Recently, ZERO TO THREE convened a small group to discuss ways in which state advocates are engaging to support families through the national formula supply crisis. We were joined by advocates from Colorado, Georgia, Delaware, North Carolina, New Jersey, Ohio, and Virginia.
Here are a few highlights from the conversation:
• Advocates can play a significant role in gathering and sharing information with state agencies about how the issue is playing out on the ground.
• Current rules regarding donation of breastmilk to milk banks are very restrictive. One result of this is that in many states there is widespread “underground” and unregulated milk sharing. Advocates are exploring whether there are long-term changes that could be made to simplify donation to milk banks.
• While much of the available guidance addresses things families should not do (e.g., do not dilute formula, do not make homemade formula), it has the potential to shame families who are facing tough choices. It is important to include messaging that is clearly focused on what people can do.
• In states where there is significant distrust of the federal government, advocates are cautioned to hold government accountable but not exacerbate existing tensions in places where there may already be difficulty convincing state legislatures to access federal dollars.
• Moving forward, this is an opportunity to lift up the critical role that service providers, such as home visitors who are supporting families to navigate this crisis, play.
Georgia Early Education Alliance for Ready Students (GEEARS) advocates have reported some progress on the issue thanks to quick actions by the organization to survey Early Head Start providers in areas most impacted by the shortage. Responses to the survey provided valuable information, and highlighted how the issue is playing out in different areas of the state. Here are some wins:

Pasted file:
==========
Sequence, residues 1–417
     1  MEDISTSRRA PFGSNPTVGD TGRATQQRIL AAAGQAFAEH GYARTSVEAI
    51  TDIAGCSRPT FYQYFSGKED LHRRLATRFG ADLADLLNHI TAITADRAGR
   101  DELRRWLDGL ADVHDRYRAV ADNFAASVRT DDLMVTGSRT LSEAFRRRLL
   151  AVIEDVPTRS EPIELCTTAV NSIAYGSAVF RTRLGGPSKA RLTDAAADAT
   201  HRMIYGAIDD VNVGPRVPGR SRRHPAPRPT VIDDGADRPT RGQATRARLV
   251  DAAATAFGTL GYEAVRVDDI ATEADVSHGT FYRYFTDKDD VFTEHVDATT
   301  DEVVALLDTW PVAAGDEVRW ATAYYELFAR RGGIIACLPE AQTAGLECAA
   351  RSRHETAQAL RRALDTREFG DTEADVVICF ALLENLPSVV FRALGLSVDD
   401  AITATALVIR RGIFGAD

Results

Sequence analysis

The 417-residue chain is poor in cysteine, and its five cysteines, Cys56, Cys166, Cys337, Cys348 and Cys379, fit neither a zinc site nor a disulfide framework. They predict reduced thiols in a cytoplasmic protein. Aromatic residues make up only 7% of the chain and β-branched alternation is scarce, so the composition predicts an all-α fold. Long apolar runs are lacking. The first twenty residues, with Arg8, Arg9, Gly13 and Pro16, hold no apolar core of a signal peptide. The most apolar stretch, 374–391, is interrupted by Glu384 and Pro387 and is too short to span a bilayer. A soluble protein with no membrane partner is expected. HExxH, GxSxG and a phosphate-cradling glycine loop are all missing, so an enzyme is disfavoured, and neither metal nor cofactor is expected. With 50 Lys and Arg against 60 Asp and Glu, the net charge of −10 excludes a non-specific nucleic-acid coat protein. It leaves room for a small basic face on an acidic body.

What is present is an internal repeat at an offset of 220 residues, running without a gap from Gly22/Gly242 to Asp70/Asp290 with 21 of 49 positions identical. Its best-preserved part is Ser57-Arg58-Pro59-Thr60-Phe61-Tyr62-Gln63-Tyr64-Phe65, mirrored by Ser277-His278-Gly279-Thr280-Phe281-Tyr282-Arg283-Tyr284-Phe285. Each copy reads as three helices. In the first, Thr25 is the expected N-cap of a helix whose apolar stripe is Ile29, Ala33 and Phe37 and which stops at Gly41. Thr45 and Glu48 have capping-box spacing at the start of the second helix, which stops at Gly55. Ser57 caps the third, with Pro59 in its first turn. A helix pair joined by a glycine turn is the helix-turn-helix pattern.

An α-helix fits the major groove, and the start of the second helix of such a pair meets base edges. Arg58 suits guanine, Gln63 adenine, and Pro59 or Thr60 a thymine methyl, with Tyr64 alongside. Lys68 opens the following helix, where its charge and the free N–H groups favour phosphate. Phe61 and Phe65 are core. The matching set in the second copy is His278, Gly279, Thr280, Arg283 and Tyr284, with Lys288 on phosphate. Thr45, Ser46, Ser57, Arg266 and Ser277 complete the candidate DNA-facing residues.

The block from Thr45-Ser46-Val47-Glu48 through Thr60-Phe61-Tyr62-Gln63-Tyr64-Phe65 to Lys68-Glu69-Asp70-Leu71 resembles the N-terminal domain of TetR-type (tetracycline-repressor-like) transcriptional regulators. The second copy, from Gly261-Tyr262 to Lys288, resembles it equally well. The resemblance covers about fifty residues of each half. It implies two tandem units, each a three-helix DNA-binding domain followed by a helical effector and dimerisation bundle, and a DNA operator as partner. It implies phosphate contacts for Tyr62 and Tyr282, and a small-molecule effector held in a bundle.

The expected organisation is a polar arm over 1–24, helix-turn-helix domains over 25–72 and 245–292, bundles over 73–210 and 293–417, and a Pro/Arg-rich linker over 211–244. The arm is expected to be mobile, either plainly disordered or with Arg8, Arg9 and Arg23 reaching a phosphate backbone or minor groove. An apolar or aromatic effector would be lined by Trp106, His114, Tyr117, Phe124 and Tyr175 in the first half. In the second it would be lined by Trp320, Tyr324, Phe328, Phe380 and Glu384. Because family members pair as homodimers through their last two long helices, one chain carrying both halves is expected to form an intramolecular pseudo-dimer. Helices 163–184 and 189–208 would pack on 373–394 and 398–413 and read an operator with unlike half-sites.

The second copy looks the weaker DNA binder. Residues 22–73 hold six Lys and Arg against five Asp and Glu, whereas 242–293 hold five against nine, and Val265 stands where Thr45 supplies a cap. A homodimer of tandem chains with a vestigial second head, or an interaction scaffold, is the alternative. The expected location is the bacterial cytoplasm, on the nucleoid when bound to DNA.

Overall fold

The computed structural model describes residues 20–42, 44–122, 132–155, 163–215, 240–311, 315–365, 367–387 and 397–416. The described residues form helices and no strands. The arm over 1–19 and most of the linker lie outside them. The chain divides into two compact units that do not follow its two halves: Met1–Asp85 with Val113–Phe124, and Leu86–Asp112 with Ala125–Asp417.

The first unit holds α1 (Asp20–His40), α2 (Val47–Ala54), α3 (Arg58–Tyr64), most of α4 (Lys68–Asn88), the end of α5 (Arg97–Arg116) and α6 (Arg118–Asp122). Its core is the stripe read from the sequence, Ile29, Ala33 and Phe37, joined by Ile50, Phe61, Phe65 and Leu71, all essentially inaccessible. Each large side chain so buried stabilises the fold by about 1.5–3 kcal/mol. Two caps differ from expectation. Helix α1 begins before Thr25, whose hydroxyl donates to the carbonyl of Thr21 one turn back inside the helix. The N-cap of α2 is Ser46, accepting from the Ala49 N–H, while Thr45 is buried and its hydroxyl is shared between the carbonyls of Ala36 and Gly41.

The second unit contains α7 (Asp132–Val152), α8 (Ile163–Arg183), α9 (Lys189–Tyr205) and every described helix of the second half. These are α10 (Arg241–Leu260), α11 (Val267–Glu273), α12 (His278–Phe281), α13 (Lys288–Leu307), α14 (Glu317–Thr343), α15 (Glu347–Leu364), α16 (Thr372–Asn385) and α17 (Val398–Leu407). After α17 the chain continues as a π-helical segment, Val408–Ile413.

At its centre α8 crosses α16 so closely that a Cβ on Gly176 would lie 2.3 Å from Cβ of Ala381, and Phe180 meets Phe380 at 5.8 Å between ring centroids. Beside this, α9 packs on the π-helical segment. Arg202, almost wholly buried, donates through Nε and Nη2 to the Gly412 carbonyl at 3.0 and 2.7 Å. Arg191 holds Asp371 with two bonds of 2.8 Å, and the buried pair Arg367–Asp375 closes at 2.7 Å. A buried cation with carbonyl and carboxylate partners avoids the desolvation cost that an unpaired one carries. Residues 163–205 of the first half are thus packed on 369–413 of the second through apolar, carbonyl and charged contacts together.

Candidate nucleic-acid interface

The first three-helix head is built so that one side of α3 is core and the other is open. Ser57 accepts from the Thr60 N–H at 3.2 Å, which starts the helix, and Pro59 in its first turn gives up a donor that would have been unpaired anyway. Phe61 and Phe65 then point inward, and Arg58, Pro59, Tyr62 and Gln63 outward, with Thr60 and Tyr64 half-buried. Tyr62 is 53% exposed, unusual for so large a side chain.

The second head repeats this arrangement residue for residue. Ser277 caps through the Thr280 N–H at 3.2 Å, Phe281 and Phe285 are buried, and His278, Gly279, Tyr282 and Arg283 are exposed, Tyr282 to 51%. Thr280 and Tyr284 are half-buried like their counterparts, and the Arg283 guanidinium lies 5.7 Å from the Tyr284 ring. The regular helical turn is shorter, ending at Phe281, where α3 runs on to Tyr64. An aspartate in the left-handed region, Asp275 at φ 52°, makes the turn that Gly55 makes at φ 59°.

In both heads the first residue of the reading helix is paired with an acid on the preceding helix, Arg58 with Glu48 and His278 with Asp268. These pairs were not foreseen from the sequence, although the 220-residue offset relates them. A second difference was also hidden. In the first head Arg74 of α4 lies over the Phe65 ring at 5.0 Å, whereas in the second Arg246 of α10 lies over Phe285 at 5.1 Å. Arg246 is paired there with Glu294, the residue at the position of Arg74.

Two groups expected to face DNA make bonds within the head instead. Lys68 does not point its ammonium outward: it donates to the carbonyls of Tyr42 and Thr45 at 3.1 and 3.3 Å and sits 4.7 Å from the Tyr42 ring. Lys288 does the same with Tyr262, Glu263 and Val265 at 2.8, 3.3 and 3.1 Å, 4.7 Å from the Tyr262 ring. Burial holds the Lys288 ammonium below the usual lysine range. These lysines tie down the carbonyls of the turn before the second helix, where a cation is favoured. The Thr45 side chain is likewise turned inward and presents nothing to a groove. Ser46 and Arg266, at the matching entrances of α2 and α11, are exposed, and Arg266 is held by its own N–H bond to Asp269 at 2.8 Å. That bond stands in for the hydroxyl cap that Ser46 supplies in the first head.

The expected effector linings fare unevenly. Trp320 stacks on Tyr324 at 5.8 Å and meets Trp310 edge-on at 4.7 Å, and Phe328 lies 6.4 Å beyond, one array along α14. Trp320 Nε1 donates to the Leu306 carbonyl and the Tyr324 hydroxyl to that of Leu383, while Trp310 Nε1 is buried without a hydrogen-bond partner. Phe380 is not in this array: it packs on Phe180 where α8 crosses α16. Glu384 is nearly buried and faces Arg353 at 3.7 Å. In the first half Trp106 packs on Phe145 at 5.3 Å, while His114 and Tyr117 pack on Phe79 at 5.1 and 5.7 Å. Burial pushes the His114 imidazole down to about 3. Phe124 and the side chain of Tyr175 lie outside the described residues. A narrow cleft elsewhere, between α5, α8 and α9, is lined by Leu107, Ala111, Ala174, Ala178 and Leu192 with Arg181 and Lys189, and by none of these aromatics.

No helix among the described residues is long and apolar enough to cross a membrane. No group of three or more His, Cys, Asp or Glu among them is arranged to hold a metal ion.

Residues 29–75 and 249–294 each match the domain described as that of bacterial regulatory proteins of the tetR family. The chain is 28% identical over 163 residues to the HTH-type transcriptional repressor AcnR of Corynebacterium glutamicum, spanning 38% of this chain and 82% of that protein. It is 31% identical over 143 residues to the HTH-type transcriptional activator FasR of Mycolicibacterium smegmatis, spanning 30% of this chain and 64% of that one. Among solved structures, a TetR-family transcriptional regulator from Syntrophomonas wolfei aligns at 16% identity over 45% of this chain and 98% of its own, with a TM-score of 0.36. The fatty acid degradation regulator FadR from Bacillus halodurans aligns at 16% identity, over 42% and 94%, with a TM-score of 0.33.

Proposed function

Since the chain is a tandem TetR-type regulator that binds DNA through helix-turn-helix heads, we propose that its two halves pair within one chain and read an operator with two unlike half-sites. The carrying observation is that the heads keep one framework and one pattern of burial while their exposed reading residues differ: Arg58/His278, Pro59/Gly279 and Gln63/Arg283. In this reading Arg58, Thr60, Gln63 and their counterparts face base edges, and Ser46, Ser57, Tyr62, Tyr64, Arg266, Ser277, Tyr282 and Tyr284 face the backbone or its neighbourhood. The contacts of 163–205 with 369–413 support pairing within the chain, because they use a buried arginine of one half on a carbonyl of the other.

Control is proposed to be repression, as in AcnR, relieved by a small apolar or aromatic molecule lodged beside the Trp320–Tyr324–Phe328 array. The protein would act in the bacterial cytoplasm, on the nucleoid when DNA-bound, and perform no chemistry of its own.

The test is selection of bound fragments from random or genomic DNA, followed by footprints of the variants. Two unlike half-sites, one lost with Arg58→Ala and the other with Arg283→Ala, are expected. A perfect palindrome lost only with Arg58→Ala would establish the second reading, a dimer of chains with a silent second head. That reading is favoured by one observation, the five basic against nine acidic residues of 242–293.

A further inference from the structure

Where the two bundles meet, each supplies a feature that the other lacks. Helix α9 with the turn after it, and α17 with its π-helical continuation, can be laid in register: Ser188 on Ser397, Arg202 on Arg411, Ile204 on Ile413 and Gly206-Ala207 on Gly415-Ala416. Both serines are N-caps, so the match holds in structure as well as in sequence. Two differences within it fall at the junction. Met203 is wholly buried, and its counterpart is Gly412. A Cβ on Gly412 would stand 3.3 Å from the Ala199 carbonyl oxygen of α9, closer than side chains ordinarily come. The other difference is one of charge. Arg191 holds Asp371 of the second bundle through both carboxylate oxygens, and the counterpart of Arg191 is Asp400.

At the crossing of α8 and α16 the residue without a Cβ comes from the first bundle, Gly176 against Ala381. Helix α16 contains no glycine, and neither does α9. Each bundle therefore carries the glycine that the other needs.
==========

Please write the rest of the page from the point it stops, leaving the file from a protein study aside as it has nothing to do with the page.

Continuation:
• Unopened/untampered with formula returns – The state has received clearance from the federal government to change the policy of destroying returned formula, allowing for organizations to redistribute to community food programs instead.
• Waivers – USDA Food and Nutrition Services approved requests from the state Special Supplemental Nutrition Program for Women, Infants and Children (WIC) for waivers of the Maximum Monthly Allowance and Medical Documentation for Food Package I & II. The team worked overtime to complete required system changes to put them in effect within a few days.
• Vouchers – The Georgia WIC team quickly issued an email to all Nutrition Services Directors that they are authorized and encouraged to issue vouchers with single container quantities for all formulas, lessening the burden on WIC participants whose regularly issued vouchers require them to purchase multiple containers of formula at once.
• Formula status – The state’s infant formula supplier is using information from the GEARRS survey to target expedited orders to counties identified by Early Head Start as having particular access issues.
How is the crisis playing out in your state? Do you have strategies to share that might help others? We would love to hear from you at [email protected].